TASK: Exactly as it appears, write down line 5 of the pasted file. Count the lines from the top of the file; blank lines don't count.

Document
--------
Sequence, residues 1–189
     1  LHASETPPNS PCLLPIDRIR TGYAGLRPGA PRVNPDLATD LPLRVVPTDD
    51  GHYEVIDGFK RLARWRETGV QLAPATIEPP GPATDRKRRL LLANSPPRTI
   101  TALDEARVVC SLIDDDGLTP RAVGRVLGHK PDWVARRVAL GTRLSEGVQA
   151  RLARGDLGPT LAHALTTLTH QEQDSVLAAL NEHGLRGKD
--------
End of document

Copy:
   151  RLARGDLGPT LAHALTTLTH QEQDSVLAAL NEHGLRGKD